x-up-devcap-post-charset Header in ASP.NET to Bypass WAFs Again!

In the past, I showed how the request encoding technique can be abused to bypass web application firewalls (WAFs). The generic WAF solution to stop this technique has been implemented by only allowing whitelisted charset via the Content-Type header or by blocking certain encoding charsets. Although WAF protection mechanisms can normally be bypassed by changing the headers slightly, I have also found a new header in ASP.NET that can hold the charset value which should bypass any existing protection mechanism using the Content-Type header.

Let me introduce to you, the one and only, the x-up-devcap-post-charset header that can be used like this:

POST /test/a.aspx?%C8%85%93%93%96%E6%96%99%93%84= HTTP/1.1
Host: target
User-Agent: UP foobar
Content-Type: application/x-www-form-urlencoded
x-up-devcap-post-charset: ibm500
Content-Length: 40

As it is shown above, the Content-Type header does not have the charset directive and the x-up-devcap-post-charset header holds the encoding’s charset instead. In order to tell ASP.NET to use this new header, the User-Agent header should start with UP!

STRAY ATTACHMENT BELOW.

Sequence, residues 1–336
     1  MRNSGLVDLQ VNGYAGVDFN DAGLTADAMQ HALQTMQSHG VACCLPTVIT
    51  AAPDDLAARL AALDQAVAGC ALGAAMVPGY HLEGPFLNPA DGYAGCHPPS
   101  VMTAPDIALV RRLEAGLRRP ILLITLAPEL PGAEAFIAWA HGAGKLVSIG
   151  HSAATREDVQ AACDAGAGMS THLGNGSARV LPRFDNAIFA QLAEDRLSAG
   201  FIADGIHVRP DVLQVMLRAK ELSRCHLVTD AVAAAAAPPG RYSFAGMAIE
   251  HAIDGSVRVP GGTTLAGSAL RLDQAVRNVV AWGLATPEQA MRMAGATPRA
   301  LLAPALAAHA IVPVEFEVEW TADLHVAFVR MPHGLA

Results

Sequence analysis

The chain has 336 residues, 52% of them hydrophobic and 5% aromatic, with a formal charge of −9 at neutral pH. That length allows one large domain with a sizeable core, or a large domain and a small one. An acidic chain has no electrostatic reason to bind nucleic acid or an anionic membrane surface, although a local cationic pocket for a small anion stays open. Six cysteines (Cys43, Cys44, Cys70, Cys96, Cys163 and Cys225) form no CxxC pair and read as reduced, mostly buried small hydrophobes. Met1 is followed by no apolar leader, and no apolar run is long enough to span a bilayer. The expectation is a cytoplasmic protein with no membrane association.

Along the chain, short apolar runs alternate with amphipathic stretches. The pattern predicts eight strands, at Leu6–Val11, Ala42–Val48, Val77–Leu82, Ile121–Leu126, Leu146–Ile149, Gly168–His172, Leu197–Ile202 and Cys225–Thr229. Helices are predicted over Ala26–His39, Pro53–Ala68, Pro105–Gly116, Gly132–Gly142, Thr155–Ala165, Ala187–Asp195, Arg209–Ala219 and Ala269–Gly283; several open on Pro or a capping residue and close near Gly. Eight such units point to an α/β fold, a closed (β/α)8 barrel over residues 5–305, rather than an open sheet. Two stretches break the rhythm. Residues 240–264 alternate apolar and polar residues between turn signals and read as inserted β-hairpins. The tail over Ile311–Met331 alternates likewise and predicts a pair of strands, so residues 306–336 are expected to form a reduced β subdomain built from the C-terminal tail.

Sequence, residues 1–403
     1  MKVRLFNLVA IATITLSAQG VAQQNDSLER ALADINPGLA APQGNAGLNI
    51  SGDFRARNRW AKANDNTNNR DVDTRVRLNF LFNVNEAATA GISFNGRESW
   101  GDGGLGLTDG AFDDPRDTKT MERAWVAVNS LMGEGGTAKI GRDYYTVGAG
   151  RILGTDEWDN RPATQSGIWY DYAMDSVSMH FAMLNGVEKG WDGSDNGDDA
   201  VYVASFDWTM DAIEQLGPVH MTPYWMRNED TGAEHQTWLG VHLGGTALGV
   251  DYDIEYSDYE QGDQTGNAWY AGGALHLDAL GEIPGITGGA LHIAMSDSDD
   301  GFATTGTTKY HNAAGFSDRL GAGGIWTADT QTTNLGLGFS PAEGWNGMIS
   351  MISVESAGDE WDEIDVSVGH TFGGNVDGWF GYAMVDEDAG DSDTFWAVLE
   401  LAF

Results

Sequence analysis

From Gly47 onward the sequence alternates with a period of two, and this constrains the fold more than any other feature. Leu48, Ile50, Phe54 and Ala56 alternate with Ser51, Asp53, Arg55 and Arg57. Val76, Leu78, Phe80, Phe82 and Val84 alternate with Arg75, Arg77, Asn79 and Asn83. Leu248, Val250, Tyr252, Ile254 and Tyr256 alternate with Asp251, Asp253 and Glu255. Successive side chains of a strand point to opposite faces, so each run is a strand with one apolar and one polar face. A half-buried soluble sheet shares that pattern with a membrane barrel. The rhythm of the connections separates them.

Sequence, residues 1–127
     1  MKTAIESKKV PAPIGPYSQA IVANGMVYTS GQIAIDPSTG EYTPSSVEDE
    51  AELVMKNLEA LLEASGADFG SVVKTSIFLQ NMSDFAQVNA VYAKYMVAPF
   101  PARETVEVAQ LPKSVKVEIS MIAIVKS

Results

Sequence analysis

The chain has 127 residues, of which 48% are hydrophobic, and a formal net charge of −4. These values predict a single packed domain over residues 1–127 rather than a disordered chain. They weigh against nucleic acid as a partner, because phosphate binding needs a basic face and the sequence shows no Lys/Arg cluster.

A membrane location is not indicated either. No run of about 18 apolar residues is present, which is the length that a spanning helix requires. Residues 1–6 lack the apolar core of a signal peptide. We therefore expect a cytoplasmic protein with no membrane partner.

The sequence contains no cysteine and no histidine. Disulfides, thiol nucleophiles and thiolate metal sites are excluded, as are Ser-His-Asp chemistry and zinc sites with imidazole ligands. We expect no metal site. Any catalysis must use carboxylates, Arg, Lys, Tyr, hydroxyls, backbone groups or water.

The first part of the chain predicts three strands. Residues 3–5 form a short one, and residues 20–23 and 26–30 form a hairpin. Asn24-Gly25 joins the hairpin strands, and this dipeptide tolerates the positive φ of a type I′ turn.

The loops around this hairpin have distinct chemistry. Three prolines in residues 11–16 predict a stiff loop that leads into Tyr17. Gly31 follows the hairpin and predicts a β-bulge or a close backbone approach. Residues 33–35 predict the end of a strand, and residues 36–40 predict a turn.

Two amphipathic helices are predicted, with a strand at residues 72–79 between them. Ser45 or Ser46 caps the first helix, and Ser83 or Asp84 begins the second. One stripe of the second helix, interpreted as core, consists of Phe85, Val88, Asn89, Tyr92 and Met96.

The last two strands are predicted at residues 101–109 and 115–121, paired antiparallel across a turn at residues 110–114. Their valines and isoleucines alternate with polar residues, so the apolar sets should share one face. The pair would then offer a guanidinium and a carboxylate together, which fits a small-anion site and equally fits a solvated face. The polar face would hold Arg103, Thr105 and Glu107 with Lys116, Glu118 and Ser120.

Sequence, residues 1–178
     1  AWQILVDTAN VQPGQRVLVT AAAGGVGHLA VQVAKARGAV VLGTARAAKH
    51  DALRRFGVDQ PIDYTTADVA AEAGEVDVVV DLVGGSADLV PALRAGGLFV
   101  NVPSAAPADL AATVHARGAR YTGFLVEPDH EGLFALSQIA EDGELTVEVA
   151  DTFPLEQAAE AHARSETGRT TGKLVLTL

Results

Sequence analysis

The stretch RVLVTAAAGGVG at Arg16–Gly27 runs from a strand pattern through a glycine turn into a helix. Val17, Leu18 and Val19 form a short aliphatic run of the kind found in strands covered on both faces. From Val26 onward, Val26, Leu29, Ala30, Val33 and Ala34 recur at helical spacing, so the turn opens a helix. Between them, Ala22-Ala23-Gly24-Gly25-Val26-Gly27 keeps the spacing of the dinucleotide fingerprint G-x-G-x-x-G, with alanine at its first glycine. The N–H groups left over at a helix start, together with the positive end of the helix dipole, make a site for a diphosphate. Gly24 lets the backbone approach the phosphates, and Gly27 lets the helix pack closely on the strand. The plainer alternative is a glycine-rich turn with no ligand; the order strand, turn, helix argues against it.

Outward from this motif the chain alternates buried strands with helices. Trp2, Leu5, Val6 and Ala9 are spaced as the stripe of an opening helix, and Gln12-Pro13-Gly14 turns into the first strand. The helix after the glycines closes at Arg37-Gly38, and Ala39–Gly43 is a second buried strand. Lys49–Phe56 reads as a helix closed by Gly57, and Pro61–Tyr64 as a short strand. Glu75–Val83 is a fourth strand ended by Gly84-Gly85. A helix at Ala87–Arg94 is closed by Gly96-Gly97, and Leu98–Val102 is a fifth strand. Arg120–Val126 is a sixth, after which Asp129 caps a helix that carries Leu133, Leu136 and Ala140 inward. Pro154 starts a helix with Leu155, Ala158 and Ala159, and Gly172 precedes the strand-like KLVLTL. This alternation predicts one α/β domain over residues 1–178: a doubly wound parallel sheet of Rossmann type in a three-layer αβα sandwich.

The parameters in the above request were create by the Burp Suite HTTP Smuggler, and this request is equal to:

POST /testme87/a.aspx?HelloWorld= HTTP/1.1
Host: target
User-Agent: UP foobar
Content-Type: application/x-www-form-urlencoded
Content-Length: 14


I found this header whilst I was looking for something else inside the ASP.NET Framework. Here is how ASP.NET reads the content encoding before it looks at the charset directive in the Content-Type header:


if (UserAgent!=null && CultureInfo.InvariantCulture.CompareInfo.IsPrefix(UserAgent, "UP")) {
	string postDataCharset = Headers["x-up-devcap-post-charset"];
	if (postDataCharset!=null && postDataCharset.Length>0) {
		try {
			return Encoding.GetEncoding(postDataCharset);



if (UserAgent != null && CultureInfo.InvariantCulture.CompareInfo.IsPrefix(UserAgent, "UP")) {
	String postDataCharset = Headers["x-up-devcap-post-charset"];
	if (!String.IsNullOrEmpty(postDataCharset)) {
		try {
			return Encoding.GetEncoding(postDataCharset);

I should admit that the original technique still works on most of the WAFs out there as they have not taken the request encoding bypass technique seriously ;) However, the OWASP ModSecurity Core Rule Set (CRS) quickly created a simple rule for it at the time which they are going to improve in the future. Therefore, I disclosed this new header to Christian Folini (@ChrFolini) from CRS to create another useful rule before releasing this blog post. The pull request for the new rule is pending at https://github.com/SpiderLabs/owasp-modsecurity-crs/pull/1392.